Timur Badretdinov, Founder of Longcaller, Speaks of the Uniqueness and Value of Books
Timur Badretdinov is the founder of Longcaller, a project with human-readable cryptocurrency reviews, without bullsh*t. The idea behind Longcaller is to provide educational pieces on the topics of blockchain technology and cryptocurrencies, that Timur`s been actively researching. It started as a standalone website, and it`s now expending on Medium. I met Timur thanks to the IndieHackers community, where he talked about his launch on Producthunt back in March and why it didn`t work out. Keep on reading and you`ll find out more about Timur`s favorite books, what he learned from them, and his system for choosing what books to read next.
What’s your favorite book and why? Business and non-business, if possible.I would like to make an introduction by stating the reason why I love books. You see, there are lots of forms of content, and in the era of the Internet it’s even more: blog posts, Youtube videos, even Twitter threads. Of course, each one of them has its own advantages. But the reason I love books is that they are thorough and fundamental. They give you the big picture and make you really think about a topic. Every piece of content is great, but most of it lacks depth. And books in that manner are unique and truly valuable. This question is really tough. Looking at my Goodreads profile, I see a handful of 5-stars. I would say my favorite book is Freakonomics. I like it for two reasons. First, this book is full of interesting facts, and that makes it exciting. Second, the whole book is a paradigm shift. After you read, you’ll look at the world around you differently. I guess that one goes as non-business. As for the business book, I can recommend Getting Real, especially if you want to make a web app. The book is easy to read. The best way to read it is to start an application and try to apply as much as you can do. I guarantee you that you learn a lot from it.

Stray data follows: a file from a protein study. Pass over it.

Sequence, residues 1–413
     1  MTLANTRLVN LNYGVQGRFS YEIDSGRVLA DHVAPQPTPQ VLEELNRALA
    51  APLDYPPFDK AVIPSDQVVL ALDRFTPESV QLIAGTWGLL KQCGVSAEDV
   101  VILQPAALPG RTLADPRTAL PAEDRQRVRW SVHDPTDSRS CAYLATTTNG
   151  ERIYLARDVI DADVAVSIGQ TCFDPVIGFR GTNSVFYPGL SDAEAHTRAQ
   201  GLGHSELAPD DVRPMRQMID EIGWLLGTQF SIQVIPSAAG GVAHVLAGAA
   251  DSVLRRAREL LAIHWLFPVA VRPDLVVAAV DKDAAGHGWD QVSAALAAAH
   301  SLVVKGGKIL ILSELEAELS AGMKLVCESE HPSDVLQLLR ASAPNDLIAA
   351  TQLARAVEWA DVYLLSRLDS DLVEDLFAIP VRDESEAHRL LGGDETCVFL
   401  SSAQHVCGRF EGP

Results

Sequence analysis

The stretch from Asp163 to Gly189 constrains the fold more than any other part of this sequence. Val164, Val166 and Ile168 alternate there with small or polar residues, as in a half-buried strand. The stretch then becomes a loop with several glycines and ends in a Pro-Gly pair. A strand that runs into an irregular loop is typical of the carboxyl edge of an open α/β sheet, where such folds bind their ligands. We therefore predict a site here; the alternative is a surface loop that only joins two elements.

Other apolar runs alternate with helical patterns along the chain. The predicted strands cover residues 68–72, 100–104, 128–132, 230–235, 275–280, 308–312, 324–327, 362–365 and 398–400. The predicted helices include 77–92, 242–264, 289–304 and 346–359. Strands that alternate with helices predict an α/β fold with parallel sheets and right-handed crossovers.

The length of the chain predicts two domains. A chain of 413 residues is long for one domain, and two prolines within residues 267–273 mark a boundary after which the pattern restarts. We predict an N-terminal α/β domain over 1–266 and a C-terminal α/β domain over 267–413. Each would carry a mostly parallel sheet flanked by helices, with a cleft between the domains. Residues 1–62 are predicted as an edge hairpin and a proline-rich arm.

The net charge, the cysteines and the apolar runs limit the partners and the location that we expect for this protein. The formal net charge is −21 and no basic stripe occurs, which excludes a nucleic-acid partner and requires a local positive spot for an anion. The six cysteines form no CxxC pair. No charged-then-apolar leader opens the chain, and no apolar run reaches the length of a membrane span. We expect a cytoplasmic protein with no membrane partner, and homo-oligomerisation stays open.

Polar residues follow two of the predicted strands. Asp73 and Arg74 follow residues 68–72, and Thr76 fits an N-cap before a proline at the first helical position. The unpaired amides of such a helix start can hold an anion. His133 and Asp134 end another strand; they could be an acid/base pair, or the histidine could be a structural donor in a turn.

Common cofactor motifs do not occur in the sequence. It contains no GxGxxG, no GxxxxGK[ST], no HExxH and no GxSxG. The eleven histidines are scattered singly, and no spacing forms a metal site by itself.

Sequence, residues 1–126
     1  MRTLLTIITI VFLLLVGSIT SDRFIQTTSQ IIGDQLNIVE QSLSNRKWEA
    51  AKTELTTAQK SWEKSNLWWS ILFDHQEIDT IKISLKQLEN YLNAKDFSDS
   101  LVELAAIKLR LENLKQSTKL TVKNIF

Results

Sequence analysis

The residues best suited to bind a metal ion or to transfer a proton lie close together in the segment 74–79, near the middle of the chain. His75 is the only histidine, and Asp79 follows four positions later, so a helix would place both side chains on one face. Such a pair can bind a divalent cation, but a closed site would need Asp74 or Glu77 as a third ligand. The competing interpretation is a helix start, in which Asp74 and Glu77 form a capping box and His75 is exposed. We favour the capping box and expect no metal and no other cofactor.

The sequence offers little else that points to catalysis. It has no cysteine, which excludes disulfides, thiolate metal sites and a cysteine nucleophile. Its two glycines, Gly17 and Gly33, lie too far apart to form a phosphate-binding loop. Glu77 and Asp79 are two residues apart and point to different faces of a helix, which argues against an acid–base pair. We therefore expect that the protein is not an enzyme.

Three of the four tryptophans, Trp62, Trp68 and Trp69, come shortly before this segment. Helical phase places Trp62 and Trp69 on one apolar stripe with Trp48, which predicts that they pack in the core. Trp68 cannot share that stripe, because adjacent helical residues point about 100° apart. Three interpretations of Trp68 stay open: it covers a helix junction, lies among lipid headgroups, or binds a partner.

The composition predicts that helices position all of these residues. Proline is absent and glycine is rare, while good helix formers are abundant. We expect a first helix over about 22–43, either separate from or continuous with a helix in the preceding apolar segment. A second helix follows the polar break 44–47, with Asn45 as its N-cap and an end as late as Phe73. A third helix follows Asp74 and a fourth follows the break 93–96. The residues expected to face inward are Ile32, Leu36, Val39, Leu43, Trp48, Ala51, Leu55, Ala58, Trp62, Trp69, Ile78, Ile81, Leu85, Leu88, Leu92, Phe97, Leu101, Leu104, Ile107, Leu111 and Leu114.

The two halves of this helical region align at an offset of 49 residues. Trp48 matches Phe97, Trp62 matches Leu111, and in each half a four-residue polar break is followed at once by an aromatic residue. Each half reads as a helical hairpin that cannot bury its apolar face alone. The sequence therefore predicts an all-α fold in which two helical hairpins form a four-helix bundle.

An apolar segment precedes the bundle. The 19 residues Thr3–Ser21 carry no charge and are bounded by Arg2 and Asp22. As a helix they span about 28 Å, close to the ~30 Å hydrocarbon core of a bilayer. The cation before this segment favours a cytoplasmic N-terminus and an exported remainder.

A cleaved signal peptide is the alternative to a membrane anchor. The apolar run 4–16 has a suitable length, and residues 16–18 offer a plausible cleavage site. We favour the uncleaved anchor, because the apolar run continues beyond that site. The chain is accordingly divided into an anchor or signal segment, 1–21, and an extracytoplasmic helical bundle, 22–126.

Was there a moment, specifically, when something you read in a book helped you? Can you tell me about it?I think that’s the case with Lean Startup. The whole idea of the book is that you have to run A/B tests for your products. Now, when I add some change to the site, I think about how to A/B test that. If someone asks on the forum “Should I do this feature? Will people pay me for it?”, all I want to say is “Just test it!”. Of course, with the low user base, it is usually impossible to run the tests. But when you grow bigger, A/B tests is a must-have.
What books had the biggest impact on you? (perhaps changed the way you see things, dramatically changed your career path)Great question. For me, it definitely My Life and Work by Henry Ford. I even wrote a blog post about it. Henry Ford tells his story in a simple and enjoyable manner. Its filled with clear insights. If you want to start a company or just interested in entrepreneurial mindset, I totally recommend it to you.
What five books would you recommend to youngsters interested in your professional path? Why? (no number limit here)I wish I could define my career path, huh. Honestly, I am still searching my path, but I can recommend great books for two careers, programming and writing, as I spend a lot of time doing both, as a hobby and as a profession. As for programming, I’d recommend The Passionate Programmer. As for language-specific books, I’d recommend not to read them. They are usually boring and outdated. I’d suggest enrolling in a coding course or just googling things. I wrote a blog post about learning programming. As for writing, there are writing fiction and writing non-fiction. I was surprised that most of the books about writing are all about writing fiction. Another thing that strikes me that all these books contain the same information. Anyway, I’d recommend reading the classics — On Writing Well by William Zinsser.